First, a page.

Autistic children and adults often seek pressure in a variety of ways to calm themselves and cope with sensory overload. Oftentimes, hugs and squeezes from other people can cause more distress because autistic children or adults are often unable to communicate their needs by indicating a particular amount or length of pressure. This is both frustrating and ineffective for both the autistic person and whoever is hugging or squeezing them.
The hug machine was created to help relieve this frustration, putting autistic individuals in control of their situation. Both children and adults who suffer from autism sometimes crave pressure to help calm anxiety.
Because of this, one woman with autism developed the hug machine, also known as a hug box or a squeeze machine. The hug machine has two padded sideboards connected near the bottom of the boards to form a V-shape.
A lever helps push the sideboards together to create pressure; the lever also allows the autistic child or adult the ability to control the amount and length of pressure.
Studies are still being conducted to find out why those with autism respond to pressure and how it can produce a calming effect. The hug machine may affect the heightened sensory perceptions of those with autism who often feels disruptive or distressing behaviour.
By applying pressure, perhaps the autistic child or adult moves his or her focus to a single feeling-the pressure-which, in turn, produces a calming effect. For many autistic children and adults, anxiety can be completely incapacitating.
Not being able to function with the anxiety is frustrating, and so appropriate social behaviour is even more difficult. Sometimes, the only release from such anxiety is through pressure. To this day, the hug machine is used by several programs and researchers studying autism as well as therapy programs.
Remember that hugging or squeezing an autistic child may not help him or her. You may, in fact, increase their senses and cause more anxiety. Though you may not be able to purchase a hug machine, you may be able to create a similar object.
Try wrapping the autistic child or adult in a blanket, where they can control how much pressure to apply. You can also look into buying padded boards that more closely simulate the hug machine’s side-boards and perhaps tie or tape some heavy-duty yarn to each side to allow the autistic child or adult control over how much pressure to apply and for how long.
Contact your child’s school to see if there has been any interest in purchasing a community hug-machine. This may not be a cure to all your child’s problems, but it works well to help many autistic individuals cope with the world.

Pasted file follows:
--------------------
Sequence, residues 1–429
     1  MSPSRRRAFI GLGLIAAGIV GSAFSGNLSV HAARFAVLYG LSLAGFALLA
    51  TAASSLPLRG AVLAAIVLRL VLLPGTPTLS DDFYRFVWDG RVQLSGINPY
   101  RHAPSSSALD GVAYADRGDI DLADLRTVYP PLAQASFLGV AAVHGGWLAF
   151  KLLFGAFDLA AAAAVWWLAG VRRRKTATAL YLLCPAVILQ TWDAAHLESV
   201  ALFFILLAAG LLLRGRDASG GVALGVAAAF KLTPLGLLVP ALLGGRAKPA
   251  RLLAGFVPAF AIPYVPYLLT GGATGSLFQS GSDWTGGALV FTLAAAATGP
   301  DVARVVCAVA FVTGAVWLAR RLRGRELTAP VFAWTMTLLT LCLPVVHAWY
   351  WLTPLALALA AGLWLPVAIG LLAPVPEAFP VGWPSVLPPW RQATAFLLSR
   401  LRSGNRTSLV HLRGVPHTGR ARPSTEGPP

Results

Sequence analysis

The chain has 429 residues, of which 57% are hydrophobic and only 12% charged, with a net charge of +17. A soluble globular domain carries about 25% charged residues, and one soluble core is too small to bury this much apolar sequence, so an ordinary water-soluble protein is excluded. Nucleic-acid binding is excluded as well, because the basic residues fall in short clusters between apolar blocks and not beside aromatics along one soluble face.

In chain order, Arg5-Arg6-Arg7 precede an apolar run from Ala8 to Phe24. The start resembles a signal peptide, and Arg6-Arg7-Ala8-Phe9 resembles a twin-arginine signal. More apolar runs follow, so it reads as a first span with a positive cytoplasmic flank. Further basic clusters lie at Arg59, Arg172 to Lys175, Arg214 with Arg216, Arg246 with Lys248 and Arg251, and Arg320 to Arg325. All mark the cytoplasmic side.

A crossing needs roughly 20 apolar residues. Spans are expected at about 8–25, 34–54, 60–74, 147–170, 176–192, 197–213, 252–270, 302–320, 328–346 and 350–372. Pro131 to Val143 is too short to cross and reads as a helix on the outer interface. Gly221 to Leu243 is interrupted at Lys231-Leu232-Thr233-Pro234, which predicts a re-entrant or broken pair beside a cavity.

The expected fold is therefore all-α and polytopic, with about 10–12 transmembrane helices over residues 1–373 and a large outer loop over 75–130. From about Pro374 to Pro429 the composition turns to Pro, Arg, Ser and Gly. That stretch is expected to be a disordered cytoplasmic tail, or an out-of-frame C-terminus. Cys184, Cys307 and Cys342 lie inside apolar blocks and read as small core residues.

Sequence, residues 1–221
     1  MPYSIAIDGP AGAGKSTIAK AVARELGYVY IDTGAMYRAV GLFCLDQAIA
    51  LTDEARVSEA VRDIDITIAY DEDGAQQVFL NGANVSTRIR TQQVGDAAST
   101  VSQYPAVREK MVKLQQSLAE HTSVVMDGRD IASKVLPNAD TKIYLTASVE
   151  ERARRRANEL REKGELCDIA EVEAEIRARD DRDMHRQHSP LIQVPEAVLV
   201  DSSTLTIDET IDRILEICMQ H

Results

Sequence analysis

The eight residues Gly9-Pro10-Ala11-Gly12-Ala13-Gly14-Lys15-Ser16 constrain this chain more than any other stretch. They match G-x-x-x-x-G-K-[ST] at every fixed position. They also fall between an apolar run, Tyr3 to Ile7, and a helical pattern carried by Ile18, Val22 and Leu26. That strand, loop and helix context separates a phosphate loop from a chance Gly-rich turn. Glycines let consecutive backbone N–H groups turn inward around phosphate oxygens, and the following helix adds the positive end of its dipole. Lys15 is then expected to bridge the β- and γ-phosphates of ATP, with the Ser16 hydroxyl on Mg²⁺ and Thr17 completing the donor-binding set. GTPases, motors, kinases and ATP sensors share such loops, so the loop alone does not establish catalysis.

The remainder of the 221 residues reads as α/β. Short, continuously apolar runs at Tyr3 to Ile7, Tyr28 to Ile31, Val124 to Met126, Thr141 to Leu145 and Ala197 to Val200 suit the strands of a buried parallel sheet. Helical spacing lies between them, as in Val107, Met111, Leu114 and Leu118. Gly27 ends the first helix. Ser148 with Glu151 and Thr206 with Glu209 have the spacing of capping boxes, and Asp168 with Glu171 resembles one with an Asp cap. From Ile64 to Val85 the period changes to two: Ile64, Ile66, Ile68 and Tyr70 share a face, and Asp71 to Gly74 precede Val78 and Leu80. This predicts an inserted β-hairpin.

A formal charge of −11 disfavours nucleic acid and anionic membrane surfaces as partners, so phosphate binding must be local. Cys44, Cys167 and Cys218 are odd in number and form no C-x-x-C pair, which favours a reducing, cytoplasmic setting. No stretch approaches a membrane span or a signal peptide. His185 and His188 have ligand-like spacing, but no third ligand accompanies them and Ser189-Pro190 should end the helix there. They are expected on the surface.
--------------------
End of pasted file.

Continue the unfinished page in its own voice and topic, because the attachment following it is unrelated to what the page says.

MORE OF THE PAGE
A modern twist on the hug machine is the weighted vest
How a Hug Can Help Your Autistic Child
How much weight should the vest have?
While there are no studies on how much weight a vest should have, most therapists recommend anywhere from five to ten per cent of a person’s body weight. This recommendation is based on studies on maximum weight allowances for backpacks. Too much weight can result in over-stimulation and/or injury.
How long should a child with autism wear it?
Some therapists recommend as little as fifteen minutes while others encourage wearing them throughout the academic time in class. The positive benefits of a weighted vest usually happen while the child is wearing the vest. However, in cases where it is calming, often it can be taken off and the child will remain calm.
Do all children with autism need one?
You should only use a weighted vest with a child when you are attempting to help them focus or calm down. They do not help all children because they can be uncomfortable and distracting for some. Pay attention when introducing one, especially if the child has significant communication challenges. Discontinue use if you see no benefit or it causes any distress.
Do weighted vests decrease “stimming” or stereotypical behaviours?
There is almost no research on whether or not weighted vests decrease stereotypical behaviours in children with autism. Therapists report observing some children decrease “stimming” behaviour while wearing one. However, there is little if any research on this topic.
What kind of therapy is a weighted vest?
They fall under the umbrella of Sensory Integration therapy. Sensory Integration therapy is usually performed by an Occupational Therapist trained in sensory integration. These therapists believe that inattentiveness and stereotypical behaviours are caused by over- or under-sensitivity to sensory input. Wearing one provides deep pressure sensory input that helps with sensory difficulties.
Please remember to consult with a therapist to make sure you add the appropriate amount of weight.